How much parents can shelter will depend on the age of the oldest parent. The calculation is based on the age of the parent on the last day of the year. The older the parent, the more the household can shield. A family can protect considerably more if parents are married.
The chart above was pulled from the latest federal EFC Formula Guide, 2018-2019 (page 19). The amounts on this chart will change yearly.
Let’s say the oldest parent is 50. The family would be able to shield $22,300 in 529 savings plan money, as well as any other cash kept in non-retirement accounts such as savings, checking and brokerage accounts.
The amount a mom or dad could shelter in a one-parent household is less. A 50-year-old single parent, for instance, could shelter just $13,500.
The Asset Allowance Has Been Shrinking
In the majority of recent year, the EFC asset protection allowance has been declining. It can fluctuate up or down.
The federal government annually adjusts the asset protection allowance tables based on rules first laid out in the Higher Education Act of 1965. The allowance relies heavily on what’s happening with Social Security payments. Specifically the rules measure the difference between a moderate family’s income and average Social Security benefits. When Social Security benefits rise faster than moderate family income, it results in a smaller asset protection allowance. This has created a perfect storm lately since family incomes have been flat or declining since 2009 while Social Security benefits have continued to grow during most of this time.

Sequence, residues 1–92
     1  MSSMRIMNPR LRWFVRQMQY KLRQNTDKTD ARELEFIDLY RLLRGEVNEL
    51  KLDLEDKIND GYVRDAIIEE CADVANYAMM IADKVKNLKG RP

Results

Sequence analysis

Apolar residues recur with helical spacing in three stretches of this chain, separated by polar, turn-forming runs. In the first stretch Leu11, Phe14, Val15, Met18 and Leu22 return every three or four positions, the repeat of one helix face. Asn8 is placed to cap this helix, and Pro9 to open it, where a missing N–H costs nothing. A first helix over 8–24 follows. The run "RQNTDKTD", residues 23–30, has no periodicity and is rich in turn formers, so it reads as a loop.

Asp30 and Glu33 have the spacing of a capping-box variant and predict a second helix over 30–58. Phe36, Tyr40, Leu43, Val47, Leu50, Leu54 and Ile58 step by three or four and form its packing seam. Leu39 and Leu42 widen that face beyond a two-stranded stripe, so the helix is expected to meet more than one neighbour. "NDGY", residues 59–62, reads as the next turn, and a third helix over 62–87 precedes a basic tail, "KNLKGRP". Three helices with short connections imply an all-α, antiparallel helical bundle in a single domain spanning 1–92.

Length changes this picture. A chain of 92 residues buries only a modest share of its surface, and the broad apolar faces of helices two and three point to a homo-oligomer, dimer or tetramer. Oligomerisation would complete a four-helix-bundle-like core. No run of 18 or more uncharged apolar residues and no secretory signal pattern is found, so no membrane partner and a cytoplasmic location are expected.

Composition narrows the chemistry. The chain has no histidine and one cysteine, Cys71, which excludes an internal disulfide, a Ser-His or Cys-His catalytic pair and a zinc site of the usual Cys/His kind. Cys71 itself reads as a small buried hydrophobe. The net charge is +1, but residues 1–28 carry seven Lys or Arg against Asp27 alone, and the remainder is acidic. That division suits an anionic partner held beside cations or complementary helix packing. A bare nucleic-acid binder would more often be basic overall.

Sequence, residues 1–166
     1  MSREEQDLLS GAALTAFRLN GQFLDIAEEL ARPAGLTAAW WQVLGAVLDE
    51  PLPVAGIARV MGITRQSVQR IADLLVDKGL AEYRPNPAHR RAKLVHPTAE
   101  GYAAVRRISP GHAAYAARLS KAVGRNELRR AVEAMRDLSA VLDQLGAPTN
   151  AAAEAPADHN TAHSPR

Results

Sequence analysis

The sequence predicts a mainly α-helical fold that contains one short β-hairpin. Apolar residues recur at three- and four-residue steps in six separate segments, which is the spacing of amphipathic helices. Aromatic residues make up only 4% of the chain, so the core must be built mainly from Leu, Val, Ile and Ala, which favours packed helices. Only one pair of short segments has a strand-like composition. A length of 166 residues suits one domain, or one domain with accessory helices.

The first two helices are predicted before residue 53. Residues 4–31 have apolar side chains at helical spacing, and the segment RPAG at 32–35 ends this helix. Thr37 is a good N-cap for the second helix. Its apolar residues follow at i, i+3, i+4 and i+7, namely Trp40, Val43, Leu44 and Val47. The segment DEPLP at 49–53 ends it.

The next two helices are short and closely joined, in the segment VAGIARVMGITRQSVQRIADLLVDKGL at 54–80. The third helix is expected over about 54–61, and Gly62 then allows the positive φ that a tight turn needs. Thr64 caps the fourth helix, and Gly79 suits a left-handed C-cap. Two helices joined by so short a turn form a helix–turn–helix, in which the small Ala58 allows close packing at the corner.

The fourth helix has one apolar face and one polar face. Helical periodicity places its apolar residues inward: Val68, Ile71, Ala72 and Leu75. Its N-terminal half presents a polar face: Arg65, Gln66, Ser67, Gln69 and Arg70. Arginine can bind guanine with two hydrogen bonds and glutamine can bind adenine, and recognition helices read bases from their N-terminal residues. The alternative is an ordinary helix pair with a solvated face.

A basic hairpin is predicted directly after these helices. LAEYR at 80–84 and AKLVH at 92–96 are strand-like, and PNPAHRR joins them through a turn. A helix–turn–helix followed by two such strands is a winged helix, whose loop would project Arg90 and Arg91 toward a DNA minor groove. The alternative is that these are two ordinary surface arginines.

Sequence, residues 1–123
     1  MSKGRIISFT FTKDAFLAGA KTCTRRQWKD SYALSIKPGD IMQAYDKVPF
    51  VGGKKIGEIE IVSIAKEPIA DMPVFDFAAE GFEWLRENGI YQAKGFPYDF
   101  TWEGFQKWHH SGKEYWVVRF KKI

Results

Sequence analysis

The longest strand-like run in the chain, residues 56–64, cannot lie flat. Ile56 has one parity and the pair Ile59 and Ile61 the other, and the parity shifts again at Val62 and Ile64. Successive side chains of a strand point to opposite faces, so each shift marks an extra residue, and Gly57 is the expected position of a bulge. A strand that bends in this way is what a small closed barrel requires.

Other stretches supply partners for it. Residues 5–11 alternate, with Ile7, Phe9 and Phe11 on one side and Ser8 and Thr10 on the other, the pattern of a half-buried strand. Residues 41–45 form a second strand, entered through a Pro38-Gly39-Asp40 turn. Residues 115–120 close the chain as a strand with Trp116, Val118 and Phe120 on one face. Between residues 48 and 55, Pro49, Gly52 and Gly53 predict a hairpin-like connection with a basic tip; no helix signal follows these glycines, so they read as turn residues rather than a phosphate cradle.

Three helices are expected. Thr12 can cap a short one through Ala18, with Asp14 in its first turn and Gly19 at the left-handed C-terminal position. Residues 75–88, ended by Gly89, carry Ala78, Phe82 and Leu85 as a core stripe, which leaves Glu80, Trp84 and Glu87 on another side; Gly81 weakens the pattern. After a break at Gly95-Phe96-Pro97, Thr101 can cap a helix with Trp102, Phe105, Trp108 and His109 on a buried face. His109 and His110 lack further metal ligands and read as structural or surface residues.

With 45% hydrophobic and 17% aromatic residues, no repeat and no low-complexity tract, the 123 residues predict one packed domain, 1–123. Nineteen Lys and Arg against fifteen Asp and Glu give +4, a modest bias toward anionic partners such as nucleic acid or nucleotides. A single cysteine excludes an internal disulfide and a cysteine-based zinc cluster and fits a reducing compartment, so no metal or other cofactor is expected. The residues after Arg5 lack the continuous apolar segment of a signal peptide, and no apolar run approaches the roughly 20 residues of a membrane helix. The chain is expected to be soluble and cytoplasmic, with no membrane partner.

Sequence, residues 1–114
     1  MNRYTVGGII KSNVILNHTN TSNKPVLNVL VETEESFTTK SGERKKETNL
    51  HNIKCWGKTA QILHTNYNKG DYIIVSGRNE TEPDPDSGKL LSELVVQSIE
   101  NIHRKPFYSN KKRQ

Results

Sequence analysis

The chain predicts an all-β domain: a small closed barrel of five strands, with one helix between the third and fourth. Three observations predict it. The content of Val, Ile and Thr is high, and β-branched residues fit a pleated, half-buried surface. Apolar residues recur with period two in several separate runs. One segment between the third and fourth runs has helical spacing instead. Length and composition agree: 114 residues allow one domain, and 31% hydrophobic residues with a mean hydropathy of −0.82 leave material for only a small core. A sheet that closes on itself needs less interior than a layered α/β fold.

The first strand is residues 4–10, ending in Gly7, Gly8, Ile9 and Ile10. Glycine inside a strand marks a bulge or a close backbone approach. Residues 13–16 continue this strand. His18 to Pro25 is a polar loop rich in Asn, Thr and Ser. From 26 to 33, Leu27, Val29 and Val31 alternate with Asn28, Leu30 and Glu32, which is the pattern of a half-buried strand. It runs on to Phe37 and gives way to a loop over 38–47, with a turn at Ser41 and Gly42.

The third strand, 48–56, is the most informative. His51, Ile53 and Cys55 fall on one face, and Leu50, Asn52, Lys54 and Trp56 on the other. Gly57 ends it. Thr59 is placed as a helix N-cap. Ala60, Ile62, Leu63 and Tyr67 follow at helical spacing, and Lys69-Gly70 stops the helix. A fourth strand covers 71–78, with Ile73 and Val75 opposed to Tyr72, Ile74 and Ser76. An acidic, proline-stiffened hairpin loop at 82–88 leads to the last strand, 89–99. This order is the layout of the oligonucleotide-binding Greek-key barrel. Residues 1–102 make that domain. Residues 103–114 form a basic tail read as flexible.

Making the formula even more flawed are built-in assumptions about inflation and rates of return that are wildly unrealistic and that make it appear that Americans don’t have to save as much for retirement.
You can learn more about the flawed nature of the asset protection allowance by reading this backgrounder: Asset Protection Allowance Plummets, Cutting Financial Aid to Middle-Income Students.
Student Assets and Financial Aid
The FAFSA formula allows students to shield all or a portion of their income.
For the 2018-2019 school year, a student can earn up to $6,570 for the year and not jeopardize aid. The PROFILE does not provide an allowance, but rather it assumes that students will contribute something to their college education. Many PROFILE colleges require that students contribute in the $2,200 range (the EFC is hiked by this much) for their education regardless of whether they have a job or a savings account.